Please Note: This article is written for users of the following Microsoft Word versions: 2007, 2010, 2013, 2016, 2019, and Word in Office 365. If you are using an earlier version (Word 2003 or earlier), this tip may not work for you. For a version of this tip written specifically for earlier versions of Word, click here: Creating Files with Mail Merge.

Creating Files with Mail Merge

by Allen Wyatt
(last updated February 9, 2019)

The standard mail merge capabilities of Word allow you to merge directly to a printer, to a new document, or to a series of e-mail messages.

There may be times, however, when you need to create an individual document for each of the data source records. Unfortunately, Word does not provide a way to do this. Fortunately, you can create a macro to take care of the task for you. The following is a macro that will "pull apart" a document created by the mail merge feature. Each section of the document (there is one section per data source record) is pulled out and saved in its own document file.

Sub Splitter()
    Dim numlets As Integer
    Dim Counter As Integer
    Dim BaseName As String
    Dim DocName As String

    Selection.EndKey Unit:=wdStory
    numlets = Selection.Information(wdActiveEndSectionNumber)
    If numlets > 1 Then numlets = numlets - 1
    Selection.HomeKey Unit:=wdStory
    BaseName = "c:\Let"
    For Counter = 1 To numlets
        DocName = BaseName & Right("000" & LTrim(Str(Counter)), 3)
        ActiveDocument.Sections.First.Range.Cut
        Documents.Add
        Selection.Paste
        Selection.MoveLeft Unit:=wdCharacter, Count:=1
        Selection.Delete Unit:=wdCharacter, Count:=1
        ActiveDocument.SaveAs FileName:=DocName
        ActiveWindow.Close
    Next Counter
End Sub

When the macro is run, it creates a series of files named Ltr001 through Ltrxxx, where xxx is the number of sections in the original document. Actually, the macro creates one "Ltr" file less than the number of sections in the document. The last section in the document is left in the original file (the one you are processing). If you want to change the filename or where the files are saved, change the setting for the BaseName variable in the macro.

Note:

If you would like to know how to use the macros described on this page (or on any other page on the WordTips sites), I've prepared a special page that includes helpful information. Click here to open that special page in a new browser tab.

WordTips is your source for cost-effective Microsoft Word training. (Microsoft Word is the most popular word processing software in the world.) This tip (11593) applies to Microsoft Word 2007, 2010, 2013, 2016, 2019, and Word in Office 365. You can find a version of this tip for the older menu interface of Word here: Creating Files with Mail Merge.

Author Bio

Allen Wyatt

With more than 50 non-fiction books and numerous magazine articles to his credit, Allen Wyatt is an internationally recognized author. He is president of Sharon Parq Associates, a computer and publishing services company. ...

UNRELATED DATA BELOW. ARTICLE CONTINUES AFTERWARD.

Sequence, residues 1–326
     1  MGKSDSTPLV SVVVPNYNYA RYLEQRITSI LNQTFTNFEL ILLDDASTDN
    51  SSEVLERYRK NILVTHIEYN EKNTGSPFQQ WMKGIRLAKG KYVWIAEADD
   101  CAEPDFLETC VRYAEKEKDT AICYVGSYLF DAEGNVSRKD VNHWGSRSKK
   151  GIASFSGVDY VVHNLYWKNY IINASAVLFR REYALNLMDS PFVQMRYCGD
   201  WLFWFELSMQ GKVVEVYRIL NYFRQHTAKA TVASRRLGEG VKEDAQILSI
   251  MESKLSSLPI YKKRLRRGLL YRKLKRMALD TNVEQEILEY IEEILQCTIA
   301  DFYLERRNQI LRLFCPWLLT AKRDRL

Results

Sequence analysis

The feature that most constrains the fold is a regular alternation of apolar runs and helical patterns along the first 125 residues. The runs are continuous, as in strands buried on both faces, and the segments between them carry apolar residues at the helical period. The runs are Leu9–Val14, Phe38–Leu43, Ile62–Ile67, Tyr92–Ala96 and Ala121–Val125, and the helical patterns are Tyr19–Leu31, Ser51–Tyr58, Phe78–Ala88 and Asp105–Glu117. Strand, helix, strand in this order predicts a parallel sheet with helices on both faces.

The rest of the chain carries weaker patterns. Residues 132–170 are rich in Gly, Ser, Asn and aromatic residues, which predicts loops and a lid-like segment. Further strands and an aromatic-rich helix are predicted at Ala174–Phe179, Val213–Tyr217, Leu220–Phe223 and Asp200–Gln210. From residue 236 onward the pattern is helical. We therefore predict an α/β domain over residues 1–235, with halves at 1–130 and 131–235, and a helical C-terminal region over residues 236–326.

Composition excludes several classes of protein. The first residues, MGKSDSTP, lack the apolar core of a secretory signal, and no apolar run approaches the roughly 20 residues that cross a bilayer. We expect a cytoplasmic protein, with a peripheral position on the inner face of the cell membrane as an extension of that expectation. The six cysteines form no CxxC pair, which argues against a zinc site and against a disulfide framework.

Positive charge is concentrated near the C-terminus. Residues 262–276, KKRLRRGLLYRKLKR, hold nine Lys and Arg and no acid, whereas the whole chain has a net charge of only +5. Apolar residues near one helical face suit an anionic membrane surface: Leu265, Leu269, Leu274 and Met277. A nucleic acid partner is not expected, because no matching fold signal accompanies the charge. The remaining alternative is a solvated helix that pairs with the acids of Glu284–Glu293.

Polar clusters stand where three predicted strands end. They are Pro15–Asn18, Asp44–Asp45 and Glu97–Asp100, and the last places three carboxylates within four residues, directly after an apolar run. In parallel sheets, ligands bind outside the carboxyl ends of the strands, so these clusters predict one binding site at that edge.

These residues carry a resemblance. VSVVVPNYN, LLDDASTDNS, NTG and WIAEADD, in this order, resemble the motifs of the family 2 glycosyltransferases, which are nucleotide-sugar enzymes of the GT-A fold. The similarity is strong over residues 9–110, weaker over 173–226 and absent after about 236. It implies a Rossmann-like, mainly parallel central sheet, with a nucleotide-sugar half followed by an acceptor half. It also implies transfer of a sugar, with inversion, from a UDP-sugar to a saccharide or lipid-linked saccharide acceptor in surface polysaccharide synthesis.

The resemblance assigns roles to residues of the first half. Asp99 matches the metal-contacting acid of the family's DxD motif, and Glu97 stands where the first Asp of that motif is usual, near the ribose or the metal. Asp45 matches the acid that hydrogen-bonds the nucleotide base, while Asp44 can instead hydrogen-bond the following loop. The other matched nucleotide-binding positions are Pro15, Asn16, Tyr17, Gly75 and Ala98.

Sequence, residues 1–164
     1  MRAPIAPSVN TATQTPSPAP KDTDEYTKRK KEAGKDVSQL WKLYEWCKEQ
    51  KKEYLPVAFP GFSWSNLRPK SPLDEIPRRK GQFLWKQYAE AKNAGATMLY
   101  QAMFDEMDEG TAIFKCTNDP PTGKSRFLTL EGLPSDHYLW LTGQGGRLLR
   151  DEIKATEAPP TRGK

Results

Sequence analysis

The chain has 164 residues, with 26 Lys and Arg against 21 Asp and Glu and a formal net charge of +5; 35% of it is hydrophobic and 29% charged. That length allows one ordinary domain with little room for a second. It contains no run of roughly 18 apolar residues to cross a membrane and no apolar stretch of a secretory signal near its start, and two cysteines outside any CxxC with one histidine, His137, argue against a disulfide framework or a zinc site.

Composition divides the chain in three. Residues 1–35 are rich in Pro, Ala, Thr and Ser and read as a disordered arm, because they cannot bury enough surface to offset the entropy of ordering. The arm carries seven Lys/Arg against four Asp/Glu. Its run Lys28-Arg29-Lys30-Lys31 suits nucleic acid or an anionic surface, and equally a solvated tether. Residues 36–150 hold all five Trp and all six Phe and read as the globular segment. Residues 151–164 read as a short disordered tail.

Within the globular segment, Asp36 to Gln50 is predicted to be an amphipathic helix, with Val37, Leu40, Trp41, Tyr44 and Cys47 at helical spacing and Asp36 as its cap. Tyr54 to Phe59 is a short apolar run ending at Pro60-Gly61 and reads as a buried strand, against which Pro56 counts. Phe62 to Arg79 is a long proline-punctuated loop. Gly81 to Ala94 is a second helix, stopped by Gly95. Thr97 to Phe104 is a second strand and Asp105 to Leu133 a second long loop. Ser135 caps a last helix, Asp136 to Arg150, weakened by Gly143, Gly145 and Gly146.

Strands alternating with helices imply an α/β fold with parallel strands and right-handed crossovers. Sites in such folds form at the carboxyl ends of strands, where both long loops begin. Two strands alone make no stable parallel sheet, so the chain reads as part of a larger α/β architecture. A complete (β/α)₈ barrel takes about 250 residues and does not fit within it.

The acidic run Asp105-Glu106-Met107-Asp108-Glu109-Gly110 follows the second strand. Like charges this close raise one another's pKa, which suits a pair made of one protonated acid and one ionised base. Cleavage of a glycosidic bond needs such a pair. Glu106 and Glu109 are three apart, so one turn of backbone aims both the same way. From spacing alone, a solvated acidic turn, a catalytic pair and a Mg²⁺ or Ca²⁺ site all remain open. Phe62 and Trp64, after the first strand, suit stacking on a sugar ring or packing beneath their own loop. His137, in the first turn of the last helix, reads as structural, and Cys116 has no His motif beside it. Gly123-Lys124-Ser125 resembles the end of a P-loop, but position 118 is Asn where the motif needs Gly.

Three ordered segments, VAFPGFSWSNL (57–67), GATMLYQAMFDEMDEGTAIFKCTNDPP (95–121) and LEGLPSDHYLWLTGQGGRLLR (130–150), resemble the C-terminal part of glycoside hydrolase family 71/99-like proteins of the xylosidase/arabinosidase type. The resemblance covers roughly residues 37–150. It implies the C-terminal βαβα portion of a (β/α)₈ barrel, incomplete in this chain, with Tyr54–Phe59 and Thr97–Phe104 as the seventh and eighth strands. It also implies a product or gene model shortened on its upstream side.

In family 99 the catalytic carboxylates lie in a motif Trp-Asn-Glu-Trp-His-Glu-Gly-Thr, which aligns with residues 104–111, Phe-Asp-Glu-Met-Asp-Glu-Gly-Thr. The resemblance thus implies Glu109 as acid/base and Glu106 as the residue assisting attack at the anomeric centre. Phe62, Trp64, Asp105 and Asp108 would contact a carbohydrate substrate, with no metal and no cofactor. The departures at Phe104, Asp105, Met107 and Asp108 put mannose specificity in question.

MORE FROM ALLEN

Synchronized Workbook and Worksheet Names

When you work on older workbooks in Excel, you may notice that the name of the worksheet tab and the workbook itself are ...

Discover More

Shortcut Key to Make Print Preview Active

Print Preview can be a great way to work with your documents. Getting to a usable Print Preview, however, can be ...

Discover More

Changing Label Sizes

Information formatted for one type of label may someday need to be printed on a different type of label. Here's some ...

Discover More

Learning Made Easy! Quickly teach yourself how to format, publish, and share your content using Word 2013. With Step by Step, you set the pace, building and practicing the skills you need, just when you need them! Check out Microsoft Word 2013 Step by Step today!

More WordTips (ribbon)

Getting Rid of Mail Merge Section Breaks

When you create a group of documents from a merge file, Word normally inserts section breaks between iterations of the ...

Discover More

E-mailing from a Mail Merge

Word has a great mail merge capability. Inherent in this capability is the option to send your merged documents via ...

Discover More

Maintaining Leading Zeroes

When merging ZIP Codes from a data source such as Excel, you might find that Word ends up dropping out leading zeroes in ...

Discover More
Subscribe

FREE SERVICE: Get tips like this every week in WordTips, a free productivity newsletter. Enter your address and click "Subscribe."

View most recent newsletter.

Comments

If you would like to add an image to your comment (not an avatar, but an image to help in making the point of your comment), include the characters [{fig}] in your comment text. You’ll be prompted to upload your image when you submit the comment. Maximum image size is 6Mpixels. Images larger than 600px wide or 1000px tall will be reduced. Up to three images may be included in a comment. All images are subject to review. Commenting privileges may be curtailed if inappropriate images are posted.

What is 3 + 5?

There are currently no comments for this tip. (Be the first to leave your comment—just use the simple form above!)


This Site

Got a version of Word that uses the ribbon interface (Word 2007 or later)? This site is for you! If you use an earlier version of Word, visit our WordTips site focusing on the menu interface.

Newest Tips
Subscribe

FREE SERVICE: Get tips like this every week in WordTips, a free productivity newsletter. Enter your address and click "Subscribe."

(Your e-mail address is not shared with anyone, ever.)

View the most recent newsletter.